Autonomous Vehicle End-to-End Reinforcement Learning Model and the Effects of Image Segmentation on Model Quality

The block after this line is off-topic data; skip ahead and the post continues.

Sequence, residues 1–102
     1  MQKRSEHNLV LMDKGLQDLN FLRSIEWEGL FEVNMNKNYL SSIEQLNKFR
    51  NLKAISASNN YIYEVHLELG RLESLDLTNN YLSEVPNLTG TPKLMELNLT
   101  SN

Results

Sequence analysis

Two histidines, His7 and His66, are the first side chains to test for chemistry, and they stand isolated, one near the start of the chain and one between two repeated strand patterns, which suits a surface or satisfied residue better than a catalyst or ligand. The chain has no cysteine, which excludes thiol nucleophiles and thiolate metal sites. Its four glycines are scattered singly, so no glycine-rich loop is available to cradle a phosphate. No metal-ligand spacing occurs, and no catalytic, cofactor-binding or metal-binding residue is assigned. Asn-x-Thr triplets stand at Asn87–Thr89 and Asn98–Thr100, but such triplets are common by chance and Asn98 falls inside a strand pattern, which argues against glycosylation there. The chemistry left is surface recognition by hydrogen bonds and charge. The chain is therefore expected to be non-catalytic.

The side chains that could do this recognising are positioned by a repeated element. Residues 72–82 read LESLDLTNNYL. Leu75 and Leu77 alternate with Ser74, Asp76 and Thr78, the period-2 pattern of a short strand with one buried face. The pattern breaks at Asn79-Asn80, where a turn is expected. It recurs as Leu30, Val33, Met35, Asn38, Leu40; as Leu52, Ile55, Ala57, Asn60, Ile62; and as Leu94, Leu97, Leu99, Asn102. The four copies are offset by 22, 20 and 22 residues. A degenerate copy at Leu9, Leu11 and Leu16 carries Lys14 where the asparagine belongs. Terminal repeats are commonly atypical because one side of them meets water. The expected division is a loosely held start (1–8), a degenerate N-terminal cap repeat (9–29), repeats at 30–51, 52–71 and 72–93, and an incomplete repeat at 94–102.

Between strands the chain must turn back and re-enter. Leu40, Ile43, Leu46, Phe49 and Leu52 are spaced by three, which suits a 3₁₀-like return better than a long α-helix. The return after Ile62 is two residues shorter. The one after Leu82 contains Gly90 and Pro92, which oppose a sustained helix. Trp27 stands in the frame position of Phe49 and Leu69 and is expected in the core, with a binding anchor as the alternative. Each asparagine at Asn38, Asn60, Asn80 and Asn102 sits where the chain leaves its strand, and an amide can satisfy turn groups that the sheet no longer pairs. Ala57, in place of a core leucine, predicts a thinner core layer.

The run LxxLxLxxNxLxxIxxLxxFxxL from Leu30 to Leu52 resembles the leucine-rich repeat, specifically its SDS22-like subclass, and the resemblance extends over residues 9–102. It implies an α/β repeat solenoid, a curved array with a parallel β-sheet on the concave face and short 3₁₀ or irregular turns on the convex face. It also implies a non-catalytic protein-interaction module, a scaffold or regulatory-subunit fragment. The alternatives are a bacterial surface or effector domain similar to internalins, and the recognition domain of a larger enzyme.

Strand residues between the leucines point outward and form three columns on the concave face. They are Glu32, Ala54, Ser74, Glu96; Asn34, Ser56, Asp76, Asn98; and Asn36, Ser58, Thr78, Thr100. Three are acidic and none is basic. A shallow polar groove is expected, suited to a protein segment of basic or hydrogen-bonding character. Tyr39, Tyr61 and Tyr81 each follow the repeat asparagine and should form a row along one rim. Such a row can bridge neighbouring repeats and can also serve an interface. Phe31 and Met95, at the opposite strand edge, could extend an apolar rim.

Autonomous driving has the potential not only to transform people's lives, but also save them. Fully understanding state of the art autonomous driving architectures, however, requires a wide breadth of knowledge on available sensors, perception, image segmentation, localization, path planning, neural networks, convolution, and more. This thesis proposes a simple end-to-end architecture that has promising behavioral results. Two novel techniques are also introduced: a new exploration algorithm that seeks to produce more robust training behaviors over simple linear decay models, and a new data splitting technique that splits a layer into multiple semantically meaningful layers in an attempt to improve feature recognition by a convolutional neural network. A series of end-to-end models are trained with access to either a ground truth semantic segmentation perceptor or an image camera perceptor with a semantic segmentation predictor model. Models are evaluated and results are compared to see which approach is superior. The perceptor configuration on the trained models is switched and evaluation is run again to see how the it reacts to a change in perceptor quality. This thesis hypothesizes that models should be trained on ground truth semantic segmentation data, even if the trained model will ultimately be evaluated with a semantic segmenter model, as the model quality should prove superior and training time can be reduced substantially.